Get 5% cash back on all eligible purchases in the first three months of card membership (up to max. spend of $2,500). Plus, get a rate of 0.99% on balance transfers for 9 months. A 2% fee applies to transferred balances.
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How to compare no annual fee credit cards

There are a number of features you can compare to find the best no fee credit card for your personal situation.

  • Interest rates. Most credit cards with no annual fee come with an interest rate of 19.99% for purchases and 21.99% for cash advances. That said, some no fee cards may offer a lower interest rate in lieu of extra benefits or rewards. Aim to choose the card that makes the most sense for your personal situation.
  • Welcome offers. There are several no annual fee credit cards that come with a generous welcome bonus when you sign up. Look for a credit card that offers a decent return on long-term rewards and benefits, and then whittle down your choices by comparing welcome offers.
  • Balance transfer rate. This is the interest rate applied to balance transfers and is particularly relevant if you plan to consolidate existing debt onto your new credit card.
  • Return on rewards. The majority of no fee credit cards come with a mediocre return on rewards when compared to premium cards. That said, these rewards will go directly into your pocket instead of going towards paying an annual fee. Find a card that offers the best return on points or cashback in combination with a basic level of benefits.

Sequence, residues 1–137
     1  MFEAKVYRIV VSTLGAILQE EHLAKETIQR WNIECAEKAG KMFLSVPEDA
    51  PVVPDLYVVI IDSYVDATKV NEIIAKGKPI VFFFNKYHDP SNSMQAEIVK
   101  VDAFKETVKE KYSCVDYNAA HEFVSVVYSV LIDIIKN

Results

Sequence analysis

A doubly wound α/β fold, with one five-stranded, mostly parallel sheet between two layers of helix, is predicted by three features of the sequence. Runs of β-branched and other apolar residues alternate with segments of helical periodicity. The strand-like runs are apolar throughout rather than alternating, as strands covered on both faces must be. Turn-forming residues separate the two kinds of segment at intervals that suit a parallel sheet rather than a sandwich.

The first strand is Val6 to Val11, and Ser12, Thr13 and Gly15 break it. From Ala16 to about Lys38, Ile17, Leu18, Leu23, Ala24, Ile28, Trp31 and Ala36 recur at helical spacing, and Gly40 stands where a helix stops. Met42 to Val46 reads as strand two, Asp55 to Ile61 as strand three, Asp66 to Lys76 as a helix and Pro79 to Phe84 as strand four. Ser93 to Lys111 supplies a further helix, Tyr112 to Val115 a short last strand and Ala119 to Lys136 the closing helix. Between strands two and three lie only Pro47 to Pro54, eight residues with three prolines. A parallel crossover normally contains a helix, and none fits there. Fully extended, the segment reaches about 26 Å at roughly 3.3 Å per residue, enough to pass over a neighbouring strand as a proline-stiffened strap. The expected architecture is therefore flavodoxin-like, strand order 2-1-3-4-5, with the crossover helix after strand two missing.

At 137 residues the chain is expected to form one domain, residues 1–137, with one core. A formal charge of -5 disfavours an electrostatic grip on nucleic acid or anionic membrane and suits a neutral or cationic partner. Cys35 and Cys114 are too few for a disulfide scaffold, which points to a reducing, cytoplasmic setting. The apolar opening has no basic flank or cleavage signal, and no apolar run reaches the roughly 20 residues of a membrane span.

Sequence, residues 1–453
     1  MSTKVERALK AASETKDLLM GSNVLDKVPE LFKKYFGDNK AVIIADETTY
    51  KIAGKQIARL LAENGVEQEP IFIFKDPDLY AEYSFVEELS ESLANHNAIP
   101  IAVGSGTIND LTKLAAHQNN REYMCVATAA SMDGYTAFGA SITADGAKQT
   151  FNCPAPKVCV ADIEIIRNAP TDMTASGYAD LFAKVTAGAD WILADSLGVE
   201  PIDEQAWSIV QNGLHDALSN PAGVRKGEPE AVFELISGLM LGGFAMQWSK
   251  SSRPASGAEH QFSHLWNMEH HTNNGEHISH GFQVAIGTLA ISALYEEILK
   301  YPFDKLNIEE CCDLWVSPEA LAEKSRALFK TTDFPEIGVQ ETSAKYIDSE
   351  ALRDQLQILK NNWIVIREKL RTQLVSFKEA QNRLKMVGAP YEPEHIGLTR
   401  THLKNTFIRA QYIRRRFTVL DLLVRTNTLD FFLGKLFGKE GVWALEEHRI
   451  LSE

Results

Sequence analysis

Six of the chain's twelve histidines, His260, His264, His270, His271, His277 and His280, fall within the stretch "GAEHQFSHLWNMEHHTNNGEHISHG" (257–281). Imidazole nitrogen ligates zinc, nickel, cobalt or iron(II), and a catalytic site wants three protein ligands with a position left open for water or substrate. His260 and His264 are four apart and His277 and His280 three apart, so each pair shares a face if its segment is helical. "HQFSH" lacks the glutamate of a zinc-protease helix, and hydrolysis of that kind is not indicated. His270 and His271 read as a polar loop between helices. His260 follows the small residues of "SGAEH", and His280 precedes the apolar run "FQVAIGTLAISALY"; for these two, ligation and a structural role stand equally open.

• Cash advances. Cash advances, which include but are not limited to ATM withdrawals and cash equivalent purchases, attract cash advance fees and high cash advance interest rates. You should avoid making cash advances on your credit card if possible since these incur high fees.
  • Foreign transaction fees. This is usually around 1-3% of the transaction value for overseas transactions, but note that internet purchases made in foreign currencies may also attract these fees. Travel credit cards, however, often don’t have foreign transaction fees.
  • Benefits. Most fee-free credit cards come with basic benefits such as purchase protection and extended warranty. If you find a fee-free card with additional benefits, it’s definitely worth exploring. This is because these cards typically don’t include extra perks such as travel insurance, roadside assistance or mobile device insurance.